By Bern Szukalski, ArcGIS Explorer Product Manager, Esri
ArcGIS Explorer takes you around the world . . . and does much more.
Easier to use than ever before, the new version lets you explore, visualize, and share your GIS data. You also can place other types of information, such as photos, videos, and reports, on your map in a geographic context. New features, like an easy-to-use ribbon and presentations, let you share geographic information with an audience that may not be familiar with GIS.
So what's the best way to get started? First, download ArcGIS Explorer for free from the Esri Web site. It's available in your choice of languages including English, French, German, Japanese, and Spanish—something new for this release. Once you've checked your system requirements, performed the installation, and started ArcGIS Explorer, you'll see a default map of imagery that you can begin exploring.
The first thing you're likely to do is navigate around the globe—perhaps find your house—and start adding information to the map. We've posted a Getting Started video that guides you through all the basics. This video provides a good introduction if you're not already familiar with using the ribbon and navigating around the globe.
If you've used previous versions of the release, you will no doubt notice the new ribbon, which offers a visually appealing, easy, and intuitive way to use ArcGIS Explorer. The ribbon gives you access to many useful features such as the 2D/3D map mode, which lets you switch from a 3D display to a 2D display with one click. As you continue to experiment, you'll also find the ArcGIS Explorer basemap gallery interesting and useful. You can swap the startup basemap with several choices, including topographic maps and streets. You can add more layers to your basemap from the Mapping for Everyone site or the ArcGIS Explorer group on ArcGIS Online. You can also search ArcGIS Online for additional content and add your own data and services by clicking Add Content, then choosing what you want to add from the drop-down list.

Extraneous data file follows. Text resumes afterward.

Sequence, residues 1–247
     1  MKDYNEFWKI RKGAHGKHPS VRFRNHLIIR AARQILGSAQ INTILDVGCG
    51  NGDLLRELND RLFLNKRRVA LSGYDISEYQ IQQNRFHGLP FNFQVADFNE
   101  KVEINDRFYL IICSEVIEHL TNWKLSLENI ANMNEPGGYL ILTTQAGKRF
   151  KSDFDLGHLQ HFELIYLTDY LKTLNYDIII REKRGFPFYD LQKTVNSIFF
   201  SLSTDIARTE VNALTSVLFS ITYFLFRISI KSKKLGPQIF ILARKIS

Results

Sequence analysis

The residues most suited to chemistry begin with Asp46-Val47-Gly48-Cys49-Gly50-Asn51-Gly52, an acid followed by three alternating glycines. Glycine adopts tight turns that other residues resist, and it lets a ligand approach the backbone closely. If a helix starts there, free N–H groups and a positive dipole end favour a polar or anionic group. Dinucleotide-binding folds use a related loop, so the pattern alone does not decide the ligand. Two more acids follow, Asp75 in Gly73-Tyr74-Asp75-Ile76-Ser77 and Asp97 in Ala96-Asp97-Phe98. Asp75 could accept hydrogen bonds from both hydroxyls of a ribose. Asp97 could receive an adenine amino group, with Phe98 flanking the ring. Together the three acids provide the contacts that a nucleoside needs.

Notes are another easy way to place a wide variety of information, such as photos, videos, and documents, on your map. You can learn more about how to create them in the ArcGIS Explorer Notes Help topic.
Eventually, you may want to use some of the sample tools called add-ins, which are free downloads that extend the capabilities of ArcGIS Explorer. These include Weather Forecast, Bing Yellow Pages and Bird's Eye View, and Panoramio. When you get an add-in, it is added to your ribbon so you can easily find it during your next ArcGIS Explorer session. Add-ins are being created all the time, so keep checking back.
The built-in ArcGIS Explorer Help is a great resource and includes a Getting Started section covering all the basics such as how the ribbon works, how you navigate, and various options you can set. Help contains a lot of information for beginners and experts alike. Other chapters cover adding and working with data sources, working with layers and notes, organizing your contents, and creating presentations. The ArcGIS Explorer blog features timely and interesting posts that cover tips, tricks, and tutorials for all levels of users. Subscribe to the blog's RSS feed to make sure you get the latest news and information.
So why wait? Download ArcGIS Explorer and see for yourself why it's a great way to explore, visualize, share, and present geographic information.